It's the overall UX that drives me to block ads. Slow ad servers make pages take significantly longer to load. Distracting blinking and flashy ads distract my eyes from the content I came for. Ads with sound are just downright obnoxious, especially with tabbed browsing -- now which of my 20 tabs is moaning because it just reloaded a racy ad?! YouTube video ads are horrible as well, delaying the content and ruining enjoyment of 'relaxing music' playlists.

I see sites' need to make some money, and I wouldn't mind some ads if they weren't obnoxious. However, the last time a site begged me to unblock ads, I did, and the first thing I saw was a big blinking red/yellow YOU MAY BE A WINNER. Yup, blocked again.

I also install AdBlock on every computer I remove viruses from for someone. On a significant number of them, at least part of the infection had come from a "your computer may be slow/infected, click here for a FREE scan" ad. Sure I could try telling users not to click those, but users forget things. Then there's also the ones that look like a window so you will have clicked the ad if you instinctively hit the X in the top right corner. Better to just block them and remove the temptation. I've never had someone complain about it either; the reaction is usually more like "glory halleluiah!"

Comment: Re: Are they really that scared? (Score 1) 461

by joemck (#48535733) Attached to: Why Elon Musk's Batteries Frighten Electric Companies

And then a few cloudy days come and you find your battery doesn't have enough in it. Or winter, when unless you have a TON of solar panels you'll be using more than you produce. There's a good reason to keep a grid connection even if most of the year you're drawing nothing from it.

Comment: Re: Non-story? (Score -1, Redundant) 112

by joemck (#48227151) Attached to: AT&T Locks Apple SIM Cards On New iPads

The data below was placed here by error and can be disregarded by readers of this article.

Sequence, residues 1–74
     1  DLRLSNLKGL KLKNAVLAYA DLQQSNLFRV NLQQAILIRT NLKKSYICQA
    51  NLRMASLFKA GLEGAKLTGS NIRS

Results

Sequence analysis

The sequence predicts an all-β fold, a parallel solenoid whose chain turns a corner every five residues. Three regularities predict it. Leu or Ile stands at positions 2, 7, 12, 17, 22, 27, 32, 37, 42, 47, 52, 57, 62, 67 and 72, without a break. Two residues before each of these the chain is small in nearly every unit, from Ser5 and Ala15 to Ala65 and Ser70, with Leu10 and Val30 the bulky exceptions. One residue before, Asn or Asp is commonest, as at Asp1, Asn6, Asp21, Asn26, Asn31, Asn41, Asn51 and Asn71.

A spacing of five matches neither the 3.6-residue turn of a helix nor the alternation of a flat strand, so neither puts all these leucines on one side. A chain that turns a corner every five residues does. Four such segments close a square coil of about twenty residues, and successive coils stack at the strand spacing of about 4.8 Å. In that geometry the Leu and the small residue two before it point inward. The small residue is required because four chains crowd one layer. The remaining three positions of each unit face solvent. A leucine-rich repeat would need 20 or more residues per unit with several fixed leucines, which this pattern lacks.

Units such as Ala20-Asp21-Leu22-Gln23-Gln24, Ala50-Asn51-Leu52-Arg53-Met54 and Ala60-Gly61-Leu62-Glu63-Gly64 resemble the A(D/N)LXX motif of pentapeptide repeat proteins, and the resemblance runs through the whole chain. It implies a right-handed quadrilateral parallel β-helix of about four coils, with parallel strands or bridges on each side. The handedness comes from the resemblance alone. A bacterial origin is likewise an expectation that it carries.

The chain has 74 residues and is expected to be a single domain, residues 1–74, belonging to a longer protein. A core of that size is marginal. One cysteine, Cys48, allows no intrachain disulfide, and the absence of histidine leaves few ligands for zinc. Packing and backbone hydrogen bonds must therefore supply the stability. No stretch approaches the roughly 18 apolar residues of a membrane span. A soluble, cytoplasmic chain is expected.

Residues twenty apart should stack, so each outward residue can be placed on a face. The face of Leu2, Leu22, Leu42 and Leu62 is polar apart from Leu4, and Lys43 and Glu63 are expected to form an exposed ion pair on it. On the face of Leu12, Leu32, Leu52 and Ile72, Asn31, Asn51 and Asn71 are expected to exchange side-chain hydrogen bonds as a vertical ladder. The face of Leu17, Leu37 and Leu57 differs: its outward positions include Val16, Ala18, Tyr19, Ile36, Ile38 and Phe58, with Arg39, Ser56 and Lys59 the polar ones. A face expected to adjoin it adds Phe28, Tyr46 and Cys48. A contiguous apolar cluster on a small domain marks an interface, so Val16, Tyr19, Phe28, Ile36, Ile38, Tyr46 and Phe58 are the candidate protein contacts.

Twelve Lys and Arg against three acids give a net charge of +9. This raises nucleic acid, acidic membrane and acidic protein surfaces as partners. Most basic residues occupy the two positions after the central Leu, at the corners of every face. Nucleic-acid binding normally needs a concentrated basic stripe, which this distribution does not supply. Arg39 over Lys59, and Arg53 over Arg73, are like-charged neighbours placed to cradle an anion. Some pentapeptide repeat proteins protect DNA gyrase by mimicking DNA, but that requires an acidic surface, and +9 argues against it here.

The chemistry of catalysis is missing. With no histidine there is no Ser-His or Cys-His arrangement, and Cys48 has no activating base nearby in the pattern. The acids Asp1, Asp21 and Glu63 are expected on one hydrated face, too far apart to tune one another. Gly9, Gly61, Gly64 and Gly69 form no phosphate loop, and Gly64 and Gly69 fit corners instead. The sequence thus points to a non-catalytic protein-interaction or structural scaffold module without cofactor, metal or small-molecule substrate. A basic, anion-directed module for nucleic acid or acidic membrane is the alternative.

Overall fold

If it was only on ones bought through AT&T, this would be true (though not exactly fair unless they're giving you the function-limited device for less than buying an unrestricted one from Apple). But according to TFS, AT&T will lock a SIM you bring yourself, putting up a barrier to using your equipment bought from somewhere else with another carrier.

Comment: Re:Compares to a plunger? (Score 1) 175

by joemck (#48015263) Attached to: When Everything Works Like Your Cell Phone

And, apparently he can download whatever he wants on his plunger and can take it apart and put it on whatever carrier he wants.

I suppose I could download on my plunger, but then I would need to clean it up. I don't know how most people use their plungers, but I use mine to clear network congestion when downloading into my toilet. It is also fully compatible with all water/sewer carriers in my area, as well septic tanks. And yes, the wood handle can be unscrewed from the rubber bit, but modification is not typically needed to make it compatible with a given sewer system.

Oh, and the manufacturer will provide NO SUPPORT if he takes the plunger apart.

Unscrewing and re-screwing the handle does not void whatever sort of warranty it might have, but downloading on it probably does. Eww.

Comment: Re:Some criticism (Score 2) 184

by joemck (#47955723) Attached to: KDE's UI To Bend Toward Simplicity

Javascript modules are fine, and provide a nice way to do arbitrary customization (though I'm not sold on the choice of Javascript as the language for it). It's great if I want to implement something unusual. My problem with it is having to learn an API and write code to do something as simple as, say, change window border widths or set screensaver options. It's not that I can't do it, it's that I shouldn't have to put in the effort to do it when it's something that every other desktop environment for the past 20 years (minus OSX on many customizations) has had as a button or updown control and something I can change in 10 seconds with zero specialized knowledge.

You want to hide all the confusing forests of checkboxes and buttons to make the config dialogs as simple and accessible to newbies as possible? That's fine, but would it really spoil your beautiful simplicity to put ONE box for "show advanced options" that unhides all of what has just been removed? I think VLC is a fine example of this. The preferences dialog contains basic and easy to understand options, but you can still change the render API or mess with codecs if you need to, without writing any code. Just check "all" instead of "simple" and the dialog transforms from a pretty average number of options (though it could be made simpler still), into a tree view with dozens of pages of settings.

Nothing succeeds like the appearance of success. -- Christopher Lascl